And Creative Director Clare Waight Keller is staying put.
And Creative Director Clare Waight Keller is staying put.
Reports that Swiss luxury goods powerhouse Richemont is looking to sell Chloé are gaining steam.
Stella McCartney’s double-win at last night’s British Fashion Awards, where she was awarded both Designer of the Year and the Designer Brand of the Year, capped off a year of non-stop success for her eponymous label.
Success that probably made McCartney’s former boss at Chloé eat his words. According to McCartney, he was pretty positive she, being a woman and all, wouldn’t make it on her own.
It’s been a good year for luxury companies–everyone from Hermes to Richemont have reported gains in 2011–and LVMH is not immune. Sales reached €10.3 billion in the first half of the year, an increase of 13% from 2010. The fashion sector of the company also saw a 13% increase in sales, to 3.97 billion. And what’s more, every single brand gained market share.
So it seems that the brand, despite the constant negative press it’s received over the last six months, is in incredibly good shape. Whether that’s due to the consumer’s understanding of its rich heritage, or the consumer’s ambivalence toward bad behavior, remains unknown.
So, you’ve probably heard that Prada, the Italian luxury goods company owned and operated by designer Miuccia Prada and her husband, CEO Patrizio Bertelli, finally went public last week and will officially begin trading shares on the Hong Kong Stock Exchange this Friday, June 24.
This is a huge deal, not only because there are very few public luxury goods companies (LVMH, PPR, Richemont, Burberry, and Hermes are the big ones), but because Prada chose the Hong Kong Stock Exchange to stage its IPO. We talked to some of our favorite fashion-meets-finance professionals about the significance of this event.
We stopped by the Chanel fine jewelry showroom the other night to check out some serious bling, like the new chromatic J12 watches that can only be polished with diamond dust. They’re amazing; and if only we could afford that diamond dust, we’d be adding the new J12 to the list of gifts we really, really want.
But while the baubles were, of course, incredible, one of the biggest mesmerizers in the showroom wasn’t propped on a jewelry tray. Instead, it was inside the ipads dotting the floorspace.
From the weekend emerged more crazy designer gossip.
According to Eric Wilson at the New York Times, Hannah MacGibbon is likely to be exiting Chloe after this season. The label, which is owned by Richemont, is said to have already interviewed candidates for the job. We hope this isn’t true, mostly because we really like MacGibbon‘s work.
But back to that other little situation. Sources inside the house of Dior tell Fashionista that the rumor within the company goes like this: Riccardo Tisci is most definitely in, and Carine Roitfeld will serve as the label’s stylist. Roitfeld was most recently linked to Hedi Slimane’s rumored takeover of YSL, although the Stefano Pilati-directed label’s expertly placed piece in the Times seems to have muffled those whispers.
The financial markets in the US were closed yesterday, which in turn made things in Europe–as well as behind-the-scenes here–much more exciting.
The most critical news: J.Crew is close to settling a lawsuit regarding its takeover. Some public shareholders felt that J.Crew’s Mickey Drexler accepted an offer for the company that was too low–$2.86 billion–and they want to be compensated. Those shareholders will receive $10 million for settling, and J.Crew will entertain other potential offers until February 15. (Although Reuters is reporting that there haven’t been any rival bids, which means the deal is likely to go through next month.)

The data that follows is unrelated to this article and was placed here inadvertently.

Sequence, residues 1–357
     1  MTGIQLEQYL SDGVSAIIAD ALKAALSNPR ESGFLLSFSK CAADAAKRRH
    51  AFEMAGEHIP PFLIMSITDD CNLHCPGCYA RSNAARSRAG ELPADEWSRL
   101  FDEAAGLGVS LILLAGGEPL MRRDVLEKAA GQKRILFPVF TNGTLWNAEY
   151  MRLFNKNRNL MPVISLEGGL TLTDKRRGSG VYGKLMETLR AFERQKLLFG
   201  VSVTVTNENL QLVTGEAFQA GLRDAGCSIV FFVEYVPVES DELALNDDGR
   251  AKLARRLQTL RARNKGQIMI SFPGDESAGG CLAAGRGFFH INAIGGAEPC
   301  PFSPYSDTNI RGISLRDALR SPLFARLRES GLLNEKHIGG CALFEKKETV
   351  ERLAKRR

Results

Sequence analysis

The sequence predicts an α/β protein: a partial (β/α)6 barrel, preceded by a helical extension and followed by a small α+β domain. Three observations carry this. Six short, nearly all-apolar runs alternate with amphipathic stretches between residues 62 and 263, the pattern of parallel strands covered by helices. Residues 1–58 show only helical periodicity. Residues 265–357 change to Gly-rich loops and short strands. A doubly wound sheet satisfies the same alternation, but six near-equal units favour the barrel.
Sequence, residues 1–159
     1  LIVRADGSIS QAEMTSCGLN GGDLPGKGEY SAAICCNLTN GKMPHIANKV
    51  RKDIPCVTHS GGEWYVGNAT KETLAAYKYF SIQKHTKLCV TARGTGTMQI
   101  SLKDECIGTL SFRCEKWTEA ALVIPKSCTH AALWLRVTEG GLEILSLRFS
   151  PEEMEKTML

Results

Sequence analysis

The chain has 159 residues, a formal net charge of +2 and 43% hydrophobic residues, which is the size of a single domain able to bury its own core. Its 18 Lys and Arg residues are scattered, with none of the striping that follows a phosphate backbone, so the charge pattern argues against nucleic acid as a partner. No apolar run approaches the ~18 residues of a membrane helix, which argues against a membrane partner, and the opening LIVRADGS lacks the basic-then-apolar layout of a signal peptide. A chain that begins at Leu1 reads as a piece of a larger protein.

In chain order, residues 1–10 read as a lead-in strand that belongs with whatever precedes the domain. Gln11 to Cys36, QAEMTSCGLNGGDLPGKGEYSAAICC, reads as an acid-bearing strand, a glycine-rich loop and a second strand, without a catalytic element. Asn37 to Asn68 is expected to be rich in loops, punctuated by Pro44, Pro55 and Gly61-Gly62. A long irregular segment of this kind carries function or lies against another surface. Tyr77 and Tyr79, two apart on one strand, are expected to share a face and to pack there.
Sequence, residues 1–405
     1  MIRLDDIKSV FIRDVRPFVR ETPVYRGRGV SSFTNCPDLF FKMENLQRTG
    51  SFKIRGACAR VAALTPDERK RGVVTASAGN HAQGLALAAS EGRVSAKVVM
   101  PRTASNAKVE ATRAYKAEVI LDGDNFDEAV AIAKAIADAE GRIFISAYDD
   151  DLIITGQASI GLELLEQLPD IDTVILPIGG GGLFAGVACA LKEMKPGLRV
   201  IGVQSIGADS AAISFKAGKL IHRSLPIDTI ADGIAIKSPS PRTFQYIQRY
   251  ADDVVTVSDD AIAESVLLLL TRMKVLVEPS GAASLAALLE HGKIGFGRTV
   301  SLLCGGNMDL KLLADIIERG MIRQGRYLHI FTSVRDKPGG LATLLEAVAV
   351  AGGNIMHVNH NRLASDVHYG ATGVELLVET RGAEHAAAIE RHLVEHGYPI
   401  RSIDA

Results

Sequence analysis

Over in Britain, the morning’s big stories are Burberry and Net-a-Porter.
Burberry is one of the few independent luxury brands in the world, and it also happens to be one of the most successful. After years of struggling to take back its plaid from British chav culture, CEO Angela Ahrendts and creative director Christopher Bailey have molded Burberry into a label of which everyone wants a piece.
Now, it seems that someone is looking to scoop up the whole thing. Reuters reports a rumor that an undisclosed bidder wants to buy the brand for nearly $10 billion. (It’s current value on the stock market is around $8 billion.)
If it’s true, who could it be?
The world’s two most powerful luxury brands are getting a bit chummier.
My WWD idol, European editor Miles Socha, reports that LVMH has taken a 14.2% stake in Hermes International. The stake is worth about $2 billion.
Hermes is a public company, but the family behind the brand still owns a controlling stake. (Their share is 71%, to be exact.) LVMH will announce on Monday that they’ve invested in Hermes to “be a long-term shareholder of Hermès and to contribute to the preservation of the family and French attributes which are at the heart of the global success of this iconic brand.”
Does this mean they’re going to try and buy all of Hermes?
There’s been lots of talk in the past few months about flash sales sites shilling fake or grey market merchandise. However, we never expected HauteLook, one of the most respectable–and successful–sites around, to be caught up in this mess.
Cartier, which is owned by luxury conglomerate Richemont, is suing the Los Angeles-based company for over $2 million, first reported this morning on SheFinds. According to court documents obtained by Fashionista–some of which you can review below–the Cartier watches sold by HauteLook are secondhand. One of Hautelook’s selling points is that they work directly with the brands, and that they sell new–not used–merchandise, so Cartier feels that HauteLook has made false claims when it comes to the brand.
To be clear, Cartier has not accused HauteLook of selling out-n-out fake products.